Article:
The EESC issues between 160 and 190 opinions and information reports a year.
It also organises several annual initiatives and events with a focus on civil society and citizens’ participation such as the Civil Society Prize, the Civil Society Days, the Your Europe, Your Say youth plenary and the ECI Day.
The EESC brings together representatives from all areas of organised civil society, who give their independent advice on EU policies and legislation. The EESC's326 Members are organised into three groups: Employers, Workers and Various Interests.
The EESC has six sections, specialising in concrete topics of relevance to the citizens of the European Union, ranging from social to economic affairs, energy, environment, external relations or the internal market.
welcomes both the Strategy on the Rights of the Child and the Child Guarantee, and considers that their implementation will help support efforts at European and national level aimed at promoting children's well-being and reducing child poverty;
believes that breaking the intergenerational cycle of disadvantage requires a coordinated European approach based on strong policy and legal frameworks; underlines the need to mainstream children's rights into policy-making;
points at the need to support parents and carers via a variety of actions, amongst which adequate income and work-life balance; considers that addressing the vulnerability of a child requires addressing the vulnerability of their family; investment in children and their families should be a priority, whilst providing high quality support to assist families in raising children through positive parenting skills;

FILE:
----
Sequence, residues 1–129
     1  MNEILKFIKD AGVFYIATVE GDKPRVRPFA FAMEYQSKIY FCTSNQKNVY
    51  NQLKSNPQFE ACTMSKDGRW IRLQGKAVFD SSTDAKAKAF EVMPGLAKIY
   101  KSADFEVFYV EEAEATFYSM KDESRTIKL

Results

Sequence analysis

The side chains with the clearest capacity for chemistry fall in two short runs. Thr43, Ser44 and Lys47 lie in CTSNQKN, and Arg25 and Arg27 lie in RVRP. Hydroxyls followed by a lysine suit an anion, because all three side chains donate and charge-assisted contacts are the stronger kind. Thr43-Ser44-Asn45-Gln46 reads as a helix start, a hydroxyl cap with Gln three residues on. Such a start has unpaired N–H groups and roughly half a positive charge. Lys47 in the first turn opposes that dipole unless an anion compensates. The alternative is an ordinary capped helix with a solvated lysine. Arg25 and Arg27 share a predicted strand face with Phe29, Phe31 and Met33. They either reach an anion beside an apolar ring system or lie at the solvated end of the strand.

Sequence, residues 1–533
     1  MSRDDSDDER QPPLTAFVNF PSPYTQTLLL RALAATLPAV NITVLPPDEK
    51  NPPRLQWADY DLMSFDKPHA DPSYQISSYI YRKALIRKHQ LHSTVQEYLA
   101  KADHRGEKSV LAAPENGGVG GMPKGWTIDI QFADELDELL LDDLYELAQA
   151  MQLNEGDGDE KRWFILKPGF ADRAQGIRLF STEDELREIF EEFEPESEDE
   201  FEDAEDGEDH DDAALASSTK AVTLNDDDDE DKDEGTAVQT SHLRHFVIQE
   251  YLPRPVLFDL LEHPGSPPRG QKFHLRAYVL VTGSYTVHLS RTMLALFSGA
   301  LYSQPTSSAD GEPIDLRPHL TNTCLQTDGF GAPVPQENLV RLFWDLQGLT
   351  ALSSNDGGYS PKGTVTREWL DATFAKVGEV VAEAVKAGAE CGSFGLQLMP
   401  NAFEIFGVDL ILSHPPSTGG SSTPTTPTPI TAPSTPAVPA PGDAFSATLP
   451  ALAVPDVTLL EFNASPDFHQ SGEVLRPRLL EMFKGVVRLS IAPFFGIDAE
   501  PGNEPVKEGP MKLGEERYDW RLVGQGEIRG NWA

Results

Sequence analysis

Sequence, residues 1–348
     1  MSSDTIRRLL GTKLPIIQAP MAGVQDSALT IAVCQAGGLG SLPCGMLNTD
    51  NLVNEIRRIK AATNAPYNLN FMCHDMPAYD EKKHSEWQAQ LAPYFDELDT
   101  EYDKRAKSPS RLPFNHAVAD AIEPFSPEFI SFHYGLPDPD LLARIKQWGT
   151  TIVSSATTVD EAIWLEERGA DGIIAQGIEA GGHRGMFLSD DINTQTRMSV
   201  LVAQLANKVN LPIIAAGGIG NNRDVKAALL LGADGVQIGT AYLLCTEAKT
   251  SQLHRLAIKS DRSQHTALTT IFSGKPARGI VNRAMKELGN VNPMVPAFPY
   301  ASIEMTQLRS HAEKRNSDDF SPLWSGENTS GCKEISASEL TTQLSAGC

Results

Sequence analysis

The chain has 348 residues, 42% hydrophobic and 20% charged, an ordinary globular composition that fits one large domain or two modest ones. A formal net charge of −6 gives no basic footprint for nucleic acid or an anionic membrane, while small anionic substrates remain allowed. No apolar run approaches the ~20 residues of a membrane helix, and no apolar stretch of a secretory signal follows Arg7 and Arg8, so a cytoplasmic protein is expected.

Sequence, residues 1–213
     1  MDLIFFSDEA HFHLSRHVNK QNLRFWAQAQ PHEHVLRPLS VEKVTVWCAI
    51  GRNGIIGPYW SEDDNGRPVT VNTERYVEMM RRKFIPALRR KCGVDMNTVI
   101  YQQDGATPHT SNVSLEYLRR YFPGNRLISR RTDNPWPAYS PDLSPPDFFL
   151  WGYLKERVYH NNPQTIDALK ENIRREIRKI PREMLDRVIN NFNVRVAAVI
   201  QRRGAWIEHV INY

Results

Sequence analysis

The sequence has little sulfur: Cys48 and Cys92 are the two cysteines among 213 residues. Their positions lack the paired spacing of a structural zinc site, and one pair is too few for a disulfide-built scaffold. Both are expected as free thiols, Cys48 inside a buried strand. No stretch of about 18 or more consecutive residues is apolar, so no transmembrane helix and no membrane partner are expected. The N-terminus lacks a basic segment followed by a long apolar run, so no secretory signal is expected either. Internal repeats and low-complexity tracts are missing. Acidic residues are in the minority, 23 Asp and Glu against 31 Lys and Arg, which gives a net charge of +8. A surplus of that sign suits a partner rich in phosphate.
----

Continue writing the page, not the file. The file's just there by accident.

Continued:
calls for the consultation and involvement of organised civil society, children's and family organisations, amongst other stakeholders, in the drafting of national action plans and their monitoring mechanisms; national action plans should include transparent data on the use of EU and national funds, as well as a timeline of activities;
recommends all Member States to earmark ESF+ funding for lifting children out of poverty, with the designated 5% taken as a minimum; furthermore, they should grant free access to early childhood education and care, education and school-based activities and healthcare or grant these free of charge;
points at the need for capacity-building for both children and adults, including through non-formal activities provided by civil society actors, in order to support children's participation and make their voices and claims heard;
considers that integrated child protection systems proposed by the strategy should be complemented by measures preventing all forms of violence against children; points at the need of a plan involving all levels of government aimed at addressing and preventing violence against children;
welcomes the focus on child poverty, deprivation, discrimination and exclusion under the Child Guarantee and encourages Member States to present qualitative and quantitative targets in their Child Guarantee Action Plans;
considers that addressing child and family poverty under the Child Guarantee also includes addressing digital deprivation; welcomes the proposal for Child Guarantee National Coordinators, who will coordinate and monitor the Guarantee's implementation.